EDWARDSVILLE, Ill. — Three years of hard work and determination led William Jewell to their best week of basketball in a long time. The Cardinals began their Great Lakes Valley Conference Tournament campaign with a victory over Lindenwood in the first round on Monday, Feb. 28.
This opening round win was the first ever GLVC Tournament victory for the program since they joined the conference in 2011. On Thursday, March 3, the Cardinals were off to Illinois for the quarterfinals of the conference tournament where they faced the top seed, Southwest Baptist.
The Bearcats topped the Cardinals by double digits twice in the regular season, but that didn’t stop the Cardinals from believing that they had a chance to win. Jewell jumped out an early 11-point lead and held on for the upset victory by a score of 73-71.
The win for Jewell earned them a date in the semifinals of the GLVC Tournament against Missouri-St. Louis. The energy from the Cardinals from the get-go was incredible as they showed belief and fight. Their desire to win looked more like an undefeated team rather than a team that had lost 14 times entering the game against the Tritons.
When the ball was tipped to begin the semifinals on Saturday, March 5, Missouri-St. Louis jumped out to an early lead that they held for the entire first half. The Tritons used a selection of shots to their advantage from long 2-point jump shots to the occasional 3-pointer.
The Cardinals trimmed the lead to two points with under 10 minutes to go as junior Trey Shannon nailed a triple on the right wing to create a 5-0 run. But, the Tritons answered back with a 5-0 run of their own.
Whenever the Cardinals scored the ball, Missouri-St. Louis had a response which catapulted them to 31-21 lead at the halftime break. Jewell’s head coach Chris McCabe shared that the team withstood the storm that the Tritons pressed upon them.
“There were some chances for it to be even bigger than 10,” McCabe said. “We wanted to come in here and keep it at 10 so we could just take a breath. They were imposing their style on us and we were trying hard, but we needed to tactically do a couple of different things.”
The result of that conversation at the halftime break was enormous as the Cardinals looked like a new team in the second half. Jewell set off on a 5-0 run in the first three minutes of the second half to cut the lead to just five points. The Tritons answered and pushed the lead back to nine points.
Jewell would not give up, though. With under 10 minutes to play, the Cardinals went on a 11-4 run to cut the lead to two points. It was through strong defense and unselfish passing that gave way to the long run for the Cardinals.
McCabe’s team used aggressive play inside the lane with junior Heri Tshiyoyo who would often kick it outside to an open teammate. The usual suspect of a Tshiyoyo pass was senior Mason Alexander who played all 40 minutes for the Cardinals. Alexander was quick with the ball and even faster when pulling the trigger for a 3-pointer. He led the team with 16 points, 12 of which coming from 3-point land.
The defense was one of the more impressive parts of the 11-4 run that lasted around five minutes of game time. The communication was key along with the sliding of the feet that led to tough shots for the taller Tritons squad. The player that helped lead the Cardinals in the defensive department was senior John Zimmerman.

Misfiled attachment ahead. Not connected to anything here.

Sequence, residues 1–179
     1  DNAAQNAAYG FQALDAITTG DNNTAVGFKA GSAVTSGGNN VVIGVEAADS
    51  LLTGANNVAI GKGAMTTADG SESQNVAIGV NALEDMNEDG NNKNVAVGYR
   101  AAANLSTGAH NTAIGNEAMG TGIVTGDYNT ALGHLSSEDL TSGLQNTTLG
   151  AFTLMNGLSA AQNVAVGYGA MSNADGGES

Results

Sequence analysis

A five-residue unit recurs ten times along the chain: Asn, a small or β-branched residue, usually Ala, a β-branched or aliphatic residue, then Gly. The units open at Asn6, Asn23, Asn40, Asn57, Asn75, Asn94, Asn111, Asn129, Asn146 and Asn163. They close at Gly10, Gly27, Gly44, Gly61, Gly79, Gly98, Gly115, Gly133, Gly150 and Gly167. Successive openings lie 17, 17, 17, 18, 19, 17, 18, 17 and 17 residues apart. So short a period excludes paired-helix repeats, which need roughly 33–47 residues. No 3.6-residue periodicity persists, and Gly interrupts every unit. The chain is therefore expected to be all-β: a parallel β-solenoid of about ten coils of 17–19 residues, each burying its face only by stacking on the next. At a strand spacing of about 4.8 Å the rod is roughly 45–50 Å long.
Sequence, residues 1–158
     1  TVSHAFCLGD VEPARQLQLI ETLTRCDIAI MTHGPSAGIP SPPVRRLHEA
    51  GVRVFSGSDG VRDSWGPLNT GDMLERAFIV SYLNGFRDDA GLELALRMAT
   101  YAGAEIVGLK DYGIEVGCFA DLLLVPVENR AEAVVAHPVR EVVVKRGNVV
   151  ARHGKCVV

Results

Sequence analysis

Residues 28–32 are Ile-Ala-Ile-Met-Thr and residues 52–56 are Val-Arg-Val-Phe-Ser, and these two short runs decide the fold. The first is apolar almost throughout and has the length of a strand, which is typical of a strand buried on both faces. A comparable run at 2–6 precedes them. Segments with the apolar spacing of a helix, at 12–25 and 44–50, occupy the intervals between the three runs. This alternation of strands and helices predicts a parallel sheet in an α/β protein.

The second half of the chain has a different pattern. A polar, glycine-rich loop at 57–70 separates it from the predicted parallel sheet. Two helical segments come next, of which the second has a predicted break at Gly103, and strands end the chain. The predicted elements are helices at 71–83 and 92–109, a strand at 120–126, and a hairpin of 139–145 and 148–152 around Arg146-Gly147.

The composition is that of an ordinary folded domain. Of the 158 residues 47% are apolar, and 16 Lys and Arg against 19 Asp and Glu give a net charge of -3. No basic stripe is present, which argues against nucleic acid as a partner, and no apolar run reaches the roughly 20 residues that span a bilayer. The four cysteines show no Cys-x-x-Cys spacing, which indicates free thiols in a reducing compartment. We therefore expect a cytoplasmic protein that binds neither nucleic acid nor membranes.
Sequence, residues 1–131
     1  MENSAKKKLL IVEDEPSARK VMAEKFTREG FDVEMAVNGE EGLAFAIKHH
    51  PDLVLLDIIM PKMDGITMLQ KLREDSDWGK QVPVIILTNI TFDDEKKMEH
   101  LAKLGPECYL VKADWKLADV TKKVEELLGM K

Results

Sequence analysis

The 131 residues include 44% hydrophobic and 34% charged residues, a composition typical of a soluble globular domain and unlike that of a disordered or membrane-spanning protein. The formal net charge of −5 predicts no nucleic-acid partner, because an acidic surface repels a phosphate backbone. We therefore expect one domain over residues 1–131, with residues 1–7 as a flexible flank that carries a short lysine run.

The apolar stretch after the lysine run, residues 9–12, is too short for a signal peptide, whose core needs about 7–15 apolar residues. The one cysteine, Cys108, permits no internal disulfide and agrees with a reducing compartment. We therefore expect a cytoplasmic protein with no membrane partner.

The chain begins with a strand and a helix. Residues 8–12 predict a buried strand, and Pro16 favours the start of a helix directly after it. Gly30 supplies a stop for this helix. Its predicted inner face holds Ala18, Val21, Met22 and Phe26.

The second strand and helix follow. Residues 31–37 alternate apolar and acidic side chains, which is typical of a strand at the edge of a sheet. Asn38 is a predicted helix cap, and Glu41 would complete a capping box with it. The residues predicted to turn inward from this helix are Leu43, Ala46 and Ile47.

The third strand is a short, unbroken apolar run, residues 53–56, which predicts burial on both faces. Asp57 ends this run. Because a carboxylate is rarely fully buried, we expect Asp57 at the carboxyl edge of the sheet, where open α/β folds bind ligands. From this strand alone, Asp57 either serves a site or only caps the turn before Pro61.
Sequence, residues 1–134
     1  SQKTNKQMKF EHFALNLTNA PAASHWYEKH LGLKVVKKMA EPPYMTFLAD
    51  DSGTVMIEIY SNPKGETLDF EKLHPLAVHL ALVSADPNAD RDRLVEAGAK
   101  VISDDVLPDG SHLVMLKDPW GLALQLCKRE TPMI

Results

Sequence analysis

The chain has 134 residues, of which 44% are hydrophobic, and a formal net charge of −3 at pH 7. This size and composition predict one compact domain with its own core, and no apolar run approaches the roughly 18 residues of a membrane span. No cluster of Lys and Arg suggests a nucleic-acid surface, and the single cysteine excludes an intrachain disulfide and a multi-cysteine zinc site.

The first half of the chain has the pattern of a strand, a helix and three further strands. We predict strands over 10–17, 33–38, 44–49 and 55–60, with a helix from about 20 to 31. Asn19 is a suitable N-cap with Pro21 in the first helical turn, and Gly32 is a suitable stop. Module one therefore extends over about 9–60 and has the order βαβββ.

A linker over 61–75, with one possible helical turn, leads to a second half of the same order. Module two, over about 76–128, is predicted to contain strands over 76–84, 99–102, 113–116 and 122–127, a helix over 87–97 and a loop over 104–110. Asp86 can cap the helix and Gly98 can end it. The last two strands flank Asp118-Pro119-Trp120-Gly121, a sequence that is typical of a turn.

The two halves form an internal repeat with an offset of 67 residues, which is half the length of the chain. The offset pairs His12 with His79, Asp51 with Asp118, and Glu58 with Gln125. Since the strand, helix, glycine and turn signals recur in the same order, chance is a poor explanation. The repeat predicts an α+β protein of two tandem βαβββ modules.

“We fought, no matter what the score was,” Zimmerman said. “We were down 10, but we knew, we were in good shape. We pride ourselves since day one that defense wins championships. You can look at our roster and see that we are an undersized team, we had to get stops and we did.”
With under a minute left to play, the Tritons had the ball leading two points. They bled the shot clock down to a couple of seconds before hoisting a contested 3-pointer at the top of the key. Shannon was there to provide the coverage against the long triple.
The shot clinked off of the rim and landed in the hands of Tshiyoyo who provided a clean outlet pass to Alexander who began the offense for Jewell. With the clock ticking, the Cardinals created a beautiful open shot that saw Jordan Jermain curl off of a screen set by Grant Stubbs.
Jermain shot the 3-pointer, but it fell off of the back iron. The Tritons gathered the rebound and Missouri-St. Louis would hit their free-throws to ice the game. The Tritons would go on to win the GLVC Semifinals 57-53 in a game that felt so close for the Cardinals.
“Two-point ball game with less than a minute left, can’t ask for much more than that in a GLVC semifinal,” Zimmerman said. “Shots just didn’t get made and that’s basketball.”
The loss for the Cardinals ended their season, but this historic year of winning two conference tournament games along with tying their best finish in the GLVC regular season is an important step for the Jewell program. A step that makes them known throughout the conference, a step that McCabe has been trying to take since he became the head coach in 2019.
“So, you ask what this week has been like, this week has been satisfying because of the joy that you can see from your players for the work that they have done since September of 2019,” McCabe said. “They didn’t know that they were potentially setting themselves up for these situations.”
McCabe shared that his team wanted to keep playing, obviously. But, he explained that there is an enormous amount of pride for their school, the team and the way they carried themselves this entire season.
A long season that was filled with hardship and joy has ended with history for William Jewell.
“This has been one of the greatest experiences of my life, knocking off of the one seed. That locker room after the game is something that I will remember forever,” Zimmerman said. “The whole GLVC respects us now, they know who William Jewell is.”